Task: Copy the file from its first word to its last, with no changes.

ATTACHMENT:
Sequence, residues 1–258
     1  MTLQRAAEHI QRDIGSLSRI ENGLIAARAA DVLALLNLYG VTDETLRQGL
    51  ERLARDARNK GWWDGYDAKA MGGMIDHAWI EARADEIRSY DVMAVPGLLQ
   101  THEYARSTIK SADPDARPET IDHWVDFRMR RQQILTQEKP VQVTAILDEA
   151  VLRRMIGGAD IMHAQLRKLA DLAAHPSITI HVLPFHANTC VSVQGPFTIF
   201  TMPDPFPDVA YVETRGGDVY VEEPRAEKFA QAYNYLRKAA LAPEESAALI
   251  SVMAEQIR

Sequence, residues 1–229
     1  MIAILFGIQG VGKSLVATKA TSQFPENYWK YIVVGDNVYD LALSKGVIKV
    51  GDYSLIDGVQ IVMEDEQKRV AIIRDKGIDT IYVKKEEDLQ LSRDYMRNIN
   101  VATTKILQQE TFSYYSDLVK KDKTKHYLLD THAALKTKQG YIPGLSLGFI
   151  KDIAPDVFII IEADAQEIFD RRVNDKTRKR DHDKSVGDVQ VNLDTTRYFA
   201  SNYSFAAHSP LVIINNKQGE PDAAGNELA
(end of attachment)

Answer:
Sequence, residues 1–258
     1  MTLQRAAEHI QRDIGSLSRI ENGLIAARAA DVLALLNLYG VTDETLRQGL
    51  ERLARDARNK GWWDGYDAKA MGGMIDHAWI EARADEIRSY DVMAVPGLLQ
   101  THEYARSTIK SADPDARPET IDHWVDFRMR RQQILTQEKP VQVTAILDEA
   151  VLRRMIGGAD IMHAQLRKLA DLAAHPSITI HVLPFHANTC VSVQGPFTIF
   201  TMPDPFPDVA YVETRGGDVY VEEPRAEKFA QAYNYLRKAA LAPEESAALI
   251  SVMAEQIR

Sequence, residues 1–229
     1  MIAILFGIQG VGKSLVATKA TSQFPENYWK YIVVGDNVYD LALSKGVIKV
    51  GDYSLIDGVQ IVMEDEQKRV AIIRDKGIDT IYVKKEEDLQ LSRDYMRNIN
   101  VATTKILQQE TFSYYSDLVK KDKTKHYLLD THAALKTKQG YIPGLSLGFI
   151  KDIAPDVFII IEADAQEIFD RRVNDKTRKR DHDKSVGDVQ VNLDTTRYFA
   201  SNYSFAAHSP LVIINNKQGE PDAAGNELA